Prevention of Subconjunctival Hemorrhage

In case you are taking aspirin or blood thinners, then continue to use them unless it is not instructed by your doctor to do otherwise. In case your subconjunctival hemorrhage has an identifiable cause, such as bleeding disorders or blood-thinning medication, then visit your doctor if possible and ask him what possible steps can you take to reduce the risk of subconjunctival hemorrhage.

If you really need to rub your eye, then do it gently. If you do it too hard it can cause minor trauma to your eyes, which may lead to a subconjunctival hemorrhage.

Treatment of Subconjunctival Hemorrhage

Treatment Of Subconjunctival Hemorrhage


Eye drops and lubricant artificial tears can soothe the eye, though they cannot help in repairing blood vessels. Eye drops will get rid of the scratchy feeling in your eye. Avoid touching the eyes, as this can cause rebleeding. Complications in treatment are rare unless the injury is due to trauma, in which case the doctor has to conduct eye tests to see if any other complications have occurred.

Call a doctor, or schedule an appointment with an ophthalmologist (the doctor who specializes in eye care and eye surgery) if the eye blood does not get better or does not lessen in two weeks or the problem has happened multiple times. Also, contact the doctor if bleeding occurs in both eyes at once, as this could be due to the onset of easy bruising or bleeding gums. Consult a doctor immediately if:

  • there is pain
  • there is a change in vision- blurry vision, double vision, or difficulty in seeing.
  • history of injury
  • recent trauma
  • history of bleeding disorder

Obtain your blood test to find out if you have a serious problem that has to be treated, like a bleeding disorder.

The doctor may prescribe eye drops or other medicines to promote healing. Antibiotic drops and ointment may also be recommended. The blood normally gets absorbed by the eye within a week or two. Thus, you may not need any treatment at all. The affected area may happen to change color, like a bruise. This happens because the body is healing, and there is no need to worry. The effects are not long-term. There is no scarring or vision loss. Very rarely, a serious problem can occur.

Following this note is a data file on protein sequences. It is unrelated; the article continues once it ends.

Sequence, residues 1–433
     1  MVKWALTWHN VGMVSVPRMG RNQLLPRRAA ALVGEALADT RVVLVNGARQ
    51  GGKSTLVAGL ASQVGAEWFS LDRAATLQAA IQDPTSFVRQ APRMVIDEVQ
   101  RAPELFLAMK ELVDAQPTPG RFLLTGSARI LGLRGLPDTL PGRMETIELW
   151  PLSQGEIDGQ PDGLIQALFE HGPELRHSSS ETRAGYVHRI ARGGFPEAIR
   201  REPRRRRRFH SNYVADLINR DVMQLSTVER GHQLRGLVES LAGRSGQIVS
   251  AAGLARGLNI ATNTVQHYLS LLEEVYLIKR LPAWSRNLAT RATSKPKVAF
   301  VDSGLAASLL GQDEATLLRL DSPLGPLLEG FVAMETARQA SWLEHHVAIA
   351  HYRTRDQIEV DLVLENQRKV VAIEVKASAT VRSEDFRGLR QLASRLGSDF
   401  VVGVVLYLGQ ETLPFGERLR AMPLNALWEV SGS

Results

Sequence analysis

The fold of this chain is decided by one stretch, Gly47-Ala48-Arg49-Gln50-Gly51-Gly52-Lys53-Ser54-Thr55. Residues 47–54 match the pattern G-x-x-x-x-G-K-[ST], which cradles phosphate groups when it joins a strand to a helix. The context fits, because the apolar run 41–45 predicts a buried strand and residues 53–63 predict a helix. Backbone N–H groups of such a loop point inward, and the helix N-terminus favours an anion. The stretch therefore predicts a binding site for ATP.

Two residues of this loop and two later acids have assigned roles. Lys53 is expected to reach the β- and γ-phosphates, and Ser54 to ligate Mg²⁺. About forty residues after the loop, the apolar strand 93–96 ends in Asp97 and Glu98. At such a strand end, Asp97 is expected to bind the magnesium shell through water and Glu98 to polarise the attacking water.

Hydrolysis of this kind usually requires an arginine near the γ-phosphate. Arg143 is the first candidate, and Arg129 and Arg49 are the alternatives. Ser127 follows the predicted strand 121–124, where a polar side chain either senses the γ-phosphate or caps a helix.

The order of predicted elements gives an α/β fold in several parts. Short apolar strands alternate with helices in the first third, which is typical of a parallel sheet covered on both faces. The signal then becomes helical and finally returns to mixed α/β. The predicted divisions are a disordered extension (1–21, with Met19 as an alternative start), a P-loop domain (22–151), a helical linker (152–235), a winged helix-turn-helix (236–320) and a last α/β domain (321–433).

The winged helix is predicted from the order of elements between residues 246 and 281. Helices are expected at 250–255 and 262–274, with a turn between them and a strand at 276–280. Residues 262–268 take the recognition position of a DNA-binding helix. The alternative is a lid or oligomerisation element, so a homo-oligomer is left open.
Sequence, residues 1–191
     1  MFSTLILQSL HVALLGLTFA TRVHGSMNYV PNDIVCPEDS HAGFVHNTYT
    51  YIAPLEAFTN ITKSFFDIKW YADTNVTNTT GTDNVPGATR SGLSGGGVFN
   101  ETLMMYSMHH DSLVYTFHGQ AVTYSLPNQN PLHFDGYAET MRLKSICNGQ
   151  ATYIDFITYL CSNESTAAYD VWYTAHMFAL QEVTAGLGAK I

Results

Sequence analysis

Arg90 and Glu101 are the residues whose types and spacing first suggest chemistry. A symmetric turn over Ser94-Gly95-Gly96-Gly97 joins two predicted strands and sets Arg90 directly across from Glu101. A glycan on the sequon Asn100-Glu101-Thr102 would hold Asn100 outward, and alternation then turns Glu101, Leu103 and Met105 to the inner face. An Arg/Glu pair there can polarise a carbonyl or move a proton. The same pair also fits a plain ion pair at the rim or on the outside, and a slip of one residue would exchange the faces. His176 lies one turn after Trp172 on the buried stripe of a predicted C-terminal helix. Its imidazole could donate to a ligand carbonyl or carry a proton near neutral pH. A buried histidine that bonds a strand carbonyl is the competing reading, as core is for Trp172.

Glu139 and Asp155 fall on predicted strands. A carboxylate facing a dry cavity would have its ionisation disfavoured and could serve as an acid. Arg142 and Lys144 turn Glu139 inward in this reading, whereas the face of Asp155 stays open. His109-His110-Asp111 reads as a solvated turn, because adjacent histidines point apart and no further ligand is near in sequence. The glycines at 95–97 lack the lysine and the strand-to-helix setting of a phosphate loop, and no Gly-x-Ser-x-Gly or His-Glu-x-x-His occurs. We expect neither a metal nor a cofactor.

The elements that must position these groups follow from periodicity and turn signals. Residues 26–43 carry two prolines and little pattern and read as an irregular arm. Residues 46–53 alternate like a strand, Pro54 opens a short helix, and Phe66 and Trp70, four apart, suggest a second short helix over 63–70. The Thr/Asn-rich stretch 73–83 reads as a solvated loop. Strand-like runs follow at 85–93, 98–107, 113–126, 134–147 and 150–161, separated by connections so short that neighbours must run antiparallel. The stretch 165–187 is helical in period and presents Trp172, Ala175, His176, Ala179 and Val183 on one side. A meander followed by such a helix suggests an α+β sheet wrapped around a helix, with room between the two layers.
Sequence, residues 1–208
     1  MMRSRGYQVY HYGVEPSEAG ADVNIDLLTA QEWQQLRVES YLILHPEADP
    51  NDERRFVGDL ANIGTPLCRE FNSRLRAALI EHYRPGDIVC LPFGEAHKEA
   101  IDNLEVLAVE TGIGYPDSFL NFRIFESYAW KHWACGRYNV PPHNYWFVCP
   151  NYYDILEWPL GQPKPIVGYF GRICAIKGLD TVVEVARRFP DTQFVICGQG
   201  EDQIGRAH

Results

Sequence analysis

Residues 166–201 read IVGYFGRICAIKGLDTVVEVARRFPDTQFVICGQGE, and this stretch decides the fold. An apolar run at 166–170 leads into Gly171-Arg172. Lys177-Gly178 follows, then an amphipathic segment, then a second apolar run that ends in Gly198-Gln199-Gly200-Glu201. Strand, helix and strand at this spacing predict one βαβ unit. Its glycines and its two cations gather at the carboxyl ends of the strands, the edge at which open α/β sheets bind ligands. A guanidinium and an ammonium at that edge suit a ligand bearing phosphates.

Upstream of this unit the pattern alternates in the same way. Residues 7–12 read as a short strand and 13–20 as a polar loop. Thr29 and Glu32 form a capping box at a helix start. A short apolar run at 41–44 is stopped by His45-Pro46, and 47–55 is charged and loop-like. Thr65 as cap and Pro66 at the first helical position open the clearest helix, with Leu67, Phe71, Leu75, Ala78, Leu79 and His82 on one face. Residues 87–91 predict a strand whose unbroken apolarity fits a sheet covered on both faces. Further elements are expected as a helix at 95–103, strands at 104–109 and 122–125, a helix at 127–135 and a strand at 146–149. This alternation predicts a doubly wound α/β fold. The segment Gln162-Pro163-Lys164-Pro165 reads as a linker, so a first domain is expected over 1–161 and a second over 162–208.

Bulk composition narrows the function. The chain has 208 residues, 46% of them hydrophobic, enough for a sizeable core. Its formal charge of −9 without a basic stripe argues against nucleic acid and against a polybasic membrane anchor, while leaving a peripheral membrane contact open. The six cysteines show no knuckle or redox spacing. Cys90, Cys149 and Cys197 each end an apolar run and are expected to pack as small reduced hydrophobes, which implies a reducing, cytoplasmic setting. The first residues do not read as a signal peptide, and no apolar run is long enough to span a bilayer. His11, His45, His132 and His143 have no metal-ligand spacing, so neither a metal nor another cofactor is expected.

This may happen if the bleeding is in the same location as the eye multiple times. This means that there is an abnormally fragile capillary within the conjunctiva, which has thin walls, and it bursts spontaneously. The eye doctor can identify this problem and close the blood vessel by using heat from a laser or diathermy unit.

Long-Term Outlook

As the condition gets better, you might observe changes in your eye’s appearance. The area of the blood patch might increase in size. It might turn yellow or pink. If this is the case, then it is normal and not a cause for concern. Gradually, it would return to normal. 

When To See A Doctor?

In case you have a recurring subconjunctival hemorrhage or any other bleeding, visit your doctor.

  • If you have pain in your eye
  • In case you witness any change in your eye vision. (for example, blurry vision, double vision, etc)
  • In case you have a history of any recent injury or trauma
  • In case you have a history of bleeding disorder.

Doctors can easily diagnose eye blood by simply looking at the eye. No other tests are generally needed. If the condition is recurrent, the doctor has a simple set of questions that you may have to answer. These include:

  • Questions about general health
  • Questions regarding symptoms
  • When did you notice the problem?
  • Is it a recurring problem?
  • Do you use any medications regularly?
  • They may conduct an eye exam
  • Take your blood pressure

The best way to treat your eyes is to visit your eye care professional and get your eyes checked regularly. He will be able to assess the best method of treatment for your eye ailment.